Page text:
These procedures include:
During the procedure, we use a femtosecond laser to create a micro-thin circular flap in the cornea. Next, a computer-guided excimer laser reshapes the cornea to correct the refractive error.
Advanced Surface Ablation (ASA): Advanced Surface Ablation is an alternative solution for people who may not be candidates for LASIK due to limited corneal thickness, scarring, previous eye surgery, or recreational and/or occupational demands.
Similarly to LASIK, ASA reshapes the cornea, but instead of creating a corneal flap, your surgeon removes the cornea’s outer skin (epithelium) and apply the laser directly to the cornea.
SMILE Vision Correction: SMILE (Small Incision Lenticule Extraction) is a minimally invasive procedure designed to correct mild nearsightedness and astigmatism. During the surgery, we remove a disc-shaped piece of corneal tissue (lenticule) to reshape and flatten the cornea.
For age-related vision conditions such as presbyopia or cataracts, there are advanced surgical options that also focus on the lens. Unlike the cornea that can be reshaped, the lens must be replaced with an artificial one designed to provide focusing power customized to the patient’s needs. As a result, they provide a long-lasting vision solution for conditions like presbyopia and cataracts, while also addressing any present refractive error such as nearsightedness, farsightedness, or astigmatism.
Lens replacement procedures include:
Refractive Lens Exchange: Refractive Lens Exchange is a popular surgery for people with presbyopia. During an RLE procedure, we replace your dysfunctional natural lens with a premium intraocular lens designed to provide focusing power at near, intermediate, and far distances.
Refractive Cataract Surgery: The same surgery applies for a refractive cataract procedure. Even if your presbyopia has formed into cataracts, we can still use lens exchange to replace the cloudy lens. However, unlike traditional cataract surgery, we also go in and correct other types of refractive errors you may have by reshaping corneal tissue.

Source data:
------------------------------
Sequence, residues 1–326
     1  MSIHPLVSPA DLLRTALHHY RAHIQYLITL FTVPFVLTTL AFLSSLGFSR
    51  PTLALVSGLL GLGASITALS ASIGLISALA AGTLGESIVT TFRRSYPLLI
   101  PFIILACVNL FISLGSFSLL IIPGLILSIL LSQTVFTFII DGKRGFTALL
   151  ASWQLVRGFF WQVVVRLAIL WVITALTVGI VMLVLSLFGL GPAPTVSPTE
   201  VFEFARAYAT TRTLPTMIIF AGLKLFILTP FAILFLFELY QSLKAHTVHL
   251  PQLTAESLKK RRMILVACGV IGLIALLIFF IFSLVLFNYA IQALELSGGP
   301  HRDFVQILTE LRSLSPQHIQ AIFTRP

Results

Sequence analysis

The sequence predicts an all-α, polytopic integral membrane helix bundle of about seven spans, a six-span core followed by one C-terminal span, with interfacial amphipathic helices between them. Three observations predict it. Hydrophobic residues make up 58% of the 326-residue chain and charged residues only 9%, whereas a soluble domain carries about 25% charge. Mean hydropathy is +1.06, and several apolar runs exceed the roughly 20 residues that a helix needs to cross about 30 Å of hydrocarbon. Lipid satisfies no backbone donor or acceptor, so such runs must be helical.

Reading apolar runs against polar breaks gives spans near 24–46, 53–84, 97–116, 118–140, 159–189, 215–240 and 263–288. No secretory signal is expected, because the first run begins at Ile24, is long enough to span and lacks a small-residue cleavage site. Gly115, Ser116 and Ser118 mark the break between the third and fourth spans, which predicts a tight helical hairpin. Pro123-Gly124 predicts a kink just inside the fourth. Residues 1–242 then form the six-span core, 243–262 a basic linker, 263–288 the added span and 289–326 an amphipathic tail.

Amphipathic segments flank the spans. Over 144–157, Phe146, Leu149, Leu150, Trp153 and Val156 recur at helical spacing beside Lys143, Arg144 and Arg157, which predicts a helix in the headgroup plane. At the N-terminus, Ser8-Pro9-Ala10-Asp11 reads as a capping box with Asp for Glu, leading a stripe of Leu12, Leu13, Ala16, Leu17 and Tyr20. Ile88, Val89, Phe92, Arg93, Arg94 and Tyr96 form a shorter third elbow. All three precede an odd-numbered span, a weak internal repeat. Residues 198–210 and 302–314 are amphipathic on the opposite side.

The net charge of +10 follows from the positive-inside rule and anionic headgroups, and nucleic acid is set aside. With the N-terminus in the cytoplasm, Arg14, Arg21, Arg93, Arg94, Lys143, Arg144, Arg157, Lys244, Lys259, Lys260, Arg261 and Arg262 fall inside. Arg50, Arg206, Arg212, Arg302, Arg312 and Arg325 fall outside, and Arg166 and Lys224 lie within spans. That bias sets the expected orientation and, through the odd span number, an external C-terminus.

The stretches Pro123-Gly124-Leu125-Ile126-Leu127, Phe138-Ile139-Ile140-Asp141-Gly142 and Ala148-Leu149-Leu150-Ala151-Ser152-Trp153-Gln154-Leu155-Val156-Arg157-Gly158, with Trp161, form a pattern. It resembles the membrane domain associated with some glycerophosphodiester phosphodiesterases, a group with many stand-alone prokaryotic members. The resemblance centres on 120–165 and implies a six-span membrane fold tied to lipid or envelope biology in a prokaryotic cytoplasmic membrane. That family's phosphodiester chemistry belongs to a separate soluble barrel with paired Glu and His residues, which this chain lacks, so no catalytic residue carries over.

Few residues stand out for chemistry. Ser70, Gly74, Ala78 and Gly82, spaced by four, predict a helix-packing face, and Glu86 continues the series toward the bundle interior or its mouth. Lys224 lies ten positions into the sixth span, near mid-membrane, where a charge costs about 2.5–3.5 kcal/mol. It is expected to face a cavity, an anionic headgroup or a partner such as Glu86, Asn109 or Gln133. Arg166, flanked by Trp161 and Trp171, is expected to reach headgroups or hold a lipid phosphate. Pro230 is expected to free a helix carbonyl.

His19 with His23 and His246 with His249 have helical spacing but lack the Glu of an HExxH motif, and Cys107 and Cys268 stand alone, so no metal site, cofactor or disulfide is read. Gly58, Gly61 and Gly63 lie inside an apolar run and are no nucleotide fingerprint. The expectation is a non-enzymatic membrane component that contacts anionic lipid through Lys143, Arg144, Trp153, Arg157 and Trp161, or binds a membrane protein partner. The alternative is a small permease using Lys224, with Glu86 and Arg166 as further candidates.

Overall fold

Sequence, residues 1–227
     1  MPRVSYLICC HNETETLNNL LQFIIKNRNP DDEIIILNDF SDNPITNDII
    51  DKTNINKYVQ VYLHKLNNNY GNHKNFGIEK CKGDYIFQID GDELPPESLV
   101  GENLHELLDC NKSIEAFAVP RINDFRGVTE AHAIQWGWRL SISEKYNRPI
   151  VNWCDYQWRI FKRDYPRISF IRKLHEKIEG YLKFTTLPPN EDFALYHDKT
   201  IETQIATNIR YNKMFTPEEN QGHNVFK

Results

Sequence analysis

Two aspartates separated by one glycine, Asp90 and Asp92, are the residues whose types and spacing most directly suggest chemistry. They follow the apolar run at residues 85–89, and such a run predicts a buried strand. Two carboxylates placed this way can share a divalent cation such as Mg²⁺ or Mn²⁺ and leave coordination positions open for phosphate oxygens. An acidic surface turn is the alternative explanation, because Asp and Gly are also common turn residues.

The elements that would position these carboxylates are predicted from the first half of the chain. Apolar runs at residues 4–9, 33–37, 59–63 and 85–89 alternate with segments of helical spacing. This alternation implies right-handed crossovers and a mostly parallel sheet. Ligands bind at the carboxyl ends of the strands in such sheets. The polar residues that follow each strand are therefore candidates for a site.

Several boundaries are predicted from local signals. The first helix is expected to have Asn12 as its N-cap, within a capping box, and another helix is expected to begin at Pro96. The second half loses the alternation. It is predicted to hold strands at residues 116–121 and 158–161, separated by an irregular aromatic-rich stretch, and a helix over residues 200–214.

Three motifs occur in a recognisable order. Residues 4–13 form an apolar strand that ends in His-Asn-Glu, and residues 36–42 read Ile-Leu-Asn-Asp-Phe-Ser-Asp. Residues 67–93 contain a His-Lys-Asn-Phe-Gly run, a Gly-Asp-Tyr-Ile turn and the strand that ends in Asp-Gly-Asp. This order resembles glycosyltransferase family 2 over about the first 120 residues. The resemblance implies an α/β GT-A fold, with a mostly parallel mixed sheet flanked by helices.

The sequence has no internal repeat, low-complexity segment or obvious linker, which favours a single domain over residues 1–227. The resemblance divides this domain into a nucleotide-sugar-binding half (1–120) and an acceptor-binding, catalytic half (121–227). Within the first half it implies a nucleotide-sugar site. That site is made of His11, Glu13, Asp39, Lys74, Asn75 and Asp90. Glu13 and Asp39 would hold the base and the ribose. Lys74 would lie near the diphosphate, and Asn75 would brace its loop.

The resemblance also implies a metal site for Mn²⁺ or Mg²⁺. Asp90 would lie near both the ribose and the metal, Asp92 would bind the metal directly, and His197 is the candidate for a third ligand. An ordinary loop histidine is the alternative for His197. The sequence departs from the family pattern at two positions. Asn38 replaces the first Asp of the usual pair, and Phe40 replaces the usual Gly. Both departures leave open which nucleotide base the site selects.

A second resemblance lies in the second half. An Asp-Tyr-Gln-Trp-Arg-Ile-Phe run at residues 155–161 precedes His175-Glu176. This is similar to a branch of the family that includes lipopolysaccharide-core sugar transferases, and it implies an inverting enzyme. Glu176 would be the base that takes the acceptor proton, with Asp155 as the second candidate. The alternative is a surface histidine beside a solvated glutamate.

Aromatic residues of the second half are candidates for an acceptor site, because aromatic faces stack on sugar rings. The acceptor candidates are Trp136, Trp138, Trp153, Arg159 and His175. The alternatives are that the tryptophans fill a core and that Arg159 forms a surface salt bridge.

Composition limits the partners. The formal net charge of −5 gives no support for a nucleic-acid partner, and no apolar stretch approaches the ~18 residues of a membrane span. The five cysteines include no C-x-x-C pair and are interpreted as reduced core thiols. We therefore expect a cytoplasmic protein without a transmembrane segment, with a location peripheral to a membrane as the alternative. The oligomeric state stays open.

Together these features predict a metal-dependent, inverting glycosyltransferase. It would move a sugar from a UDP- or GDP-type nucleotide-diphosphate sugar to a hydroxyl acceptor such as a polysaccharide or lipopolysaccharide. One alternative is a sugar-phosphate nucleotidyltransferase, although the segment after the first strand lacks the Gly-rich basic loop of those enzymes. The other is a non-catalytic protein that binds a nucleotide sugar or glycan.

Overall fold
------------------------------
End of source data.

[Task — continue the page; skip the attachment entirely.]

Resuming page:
How to choose the right procedure for your refractive error
The good news is, you don’t have to choose. That’s what we’re here for. To ensure you’re recommended the right procedure for your eyes and lifestyle, it’s best to visit a refractive surgeon that offers a full range of refractive vision correction procedures rather than a LASIK-only clinic.
Durrie Vision is the only eye center in the region that specializes in six corrective eye surgeries. That means when you visit us, we are equipped to find a procedure that best fits your individual needs and your condition. While LASIK may not be for everyone, we’ve found that most of our patients can benefit from another surgery if they aren’t a candidate for LASIK. In fact, with our resources, we rarely turn patients away.
We start with an in-depth consultation process—Advanced Ocular Analysis (AOA)—which screens you for each procedure, not just LASIK. Using the most advanced diagnostic testing and cutting-edge technology available, we provide high resolution 3D images of your entire eye to get a detailed glimpse of your unique ocular anatomy.
Our AOA is a combination of the most advanced diagnostics in one exam. These diagnostics include:
- Corneal mapping
- Eyelid gland structure and tear film analysis
- Retinal and macular imaging
- Crystalline lens evaluation
- Endothelial cell count
- Optical quality assessment
- Glaucoma screening
- Optic nerve analysis
- Intraocular pressure measurement
Because of the detail that goes into this appointment, our AOA process typically takes about an hour and a half, including 20 minutes of one-on-one time with your surgeon.
Get started with refractive eye surgery at Durrie Vision
Our number one goal is to help our patients better maneuver through life with the best vision possible. No matter the procedure, we use innovative laser technology to maximize precision so our patients receive the best results possible. We stick with our patients every step of the way, from the consultation all the way to the final visit.
For over 30 years, our doctors at Durrie Vision have been leaders in refractive surgery, offering all six options available today. To get started, schedule your AOA or take our easy, online self-candidacy test.